Building on her first book Eat to Cheat Ageing, dietitian Ngaire Hobbins combines the complex science of brain health with practical nutrition advice in companion book Eat to Cheat Dementia.
Presented in the same easy-to-read language as the first, Eat to Cheat Dementia reviews the current science of nutrition and cognitive decline, looks at the influencers of brain health and gives advice on preventive evidence-based strategies.
It also presents a case for the power of food to support both physical and mental health of people already living with a dementia diagnosis.
Ms Hobbins said she was frustrated that nutrition was often forgotten following diagnosis even though it was the one thing people could do to improve their own quality of life or that of those they cared for.
“Almost 50 per cent of people when diagnosed with dementia have lost weight in the year prior to diagnosis and if that is not stopped, or is allowed to continue without intervention, it dramatically accelerates decline,” Ms Hobbins told Community Care Review.
“People with dementia are at risk of ending up prematurely in assisted care, not because of cognitive decline, but due to physical decline caused by malnutrition. All they need to avoid this outcome are guidelines and an understanding of strategies that can be employed to maintain health as long as possible.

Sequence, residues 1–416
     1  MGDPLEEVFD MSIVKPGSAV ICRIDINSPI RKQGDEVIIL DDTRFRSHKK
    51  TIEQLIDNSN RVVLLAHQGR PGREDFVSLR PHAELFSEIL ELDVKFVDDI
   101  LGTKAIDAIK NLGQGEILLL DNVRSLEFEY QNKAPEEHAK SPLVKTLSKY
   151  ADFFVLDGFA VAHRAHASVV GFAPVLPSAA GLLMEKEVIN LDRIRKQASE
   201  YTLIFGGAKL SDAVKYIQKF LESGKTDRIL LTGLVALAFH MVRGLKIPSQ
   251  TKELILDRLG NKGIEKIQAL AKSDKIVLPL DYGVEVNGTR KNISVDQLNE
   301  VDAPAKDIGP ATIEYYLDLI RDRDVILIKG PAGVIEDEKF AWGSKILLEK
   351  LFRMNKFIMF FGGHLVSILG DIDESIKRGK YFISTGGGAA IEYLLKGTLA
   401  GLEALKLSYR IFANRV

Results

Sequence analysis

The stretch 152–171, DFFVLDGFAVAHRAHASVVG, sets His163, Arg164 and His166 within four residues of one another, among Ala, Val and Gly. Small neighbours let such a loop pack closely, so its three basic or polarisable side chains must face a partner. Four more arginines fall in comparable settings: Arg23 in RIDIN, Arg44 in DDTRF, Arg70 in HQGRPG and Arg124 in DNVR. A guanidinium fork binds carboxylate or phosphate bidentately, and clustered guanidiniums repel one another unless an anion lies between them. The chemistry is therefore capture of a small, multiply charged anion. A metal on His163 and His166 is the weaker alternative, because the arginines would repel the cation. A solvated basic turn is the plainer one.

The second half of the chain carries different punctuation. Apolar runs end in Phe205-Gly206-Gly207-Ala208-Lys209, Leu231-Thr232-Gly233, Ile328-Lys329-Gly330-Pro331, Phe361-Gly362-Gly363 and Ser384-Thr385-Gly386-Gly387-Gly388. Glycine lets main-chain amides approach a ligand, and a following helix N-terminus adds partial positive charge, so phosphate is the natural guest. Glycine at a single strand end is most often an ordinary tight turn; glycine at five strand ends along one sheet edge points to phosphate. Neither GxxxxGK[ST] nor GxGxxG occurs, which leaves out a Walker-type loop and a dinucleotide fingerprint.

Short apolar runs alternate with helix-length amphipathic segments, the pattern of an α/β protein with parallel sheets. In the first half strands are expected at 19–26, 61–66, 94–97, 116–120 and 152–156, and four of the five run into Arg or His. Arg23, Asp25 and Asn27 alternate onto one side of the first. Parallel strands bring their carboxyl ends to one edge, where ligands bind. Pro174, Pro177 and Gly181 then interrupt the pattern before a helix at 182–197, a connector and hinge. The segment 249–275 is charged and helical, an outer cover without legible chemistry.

“The book aims to change that and to provide advice to those living with a diagnosis, and those who care about them, about what they can do to maintain the best possible physical and cognitive function for as long as possible.”
The advice in the book also covers the process towards the end of life including information on empathy and palliation along with strategies and practical solutions.
Ms Hobbins said community care workers had the potential to boost quality of life and physical and cognitive health of clients living with a diagnosis of dementia if armed with appropriate nutrition information and practical strategies.
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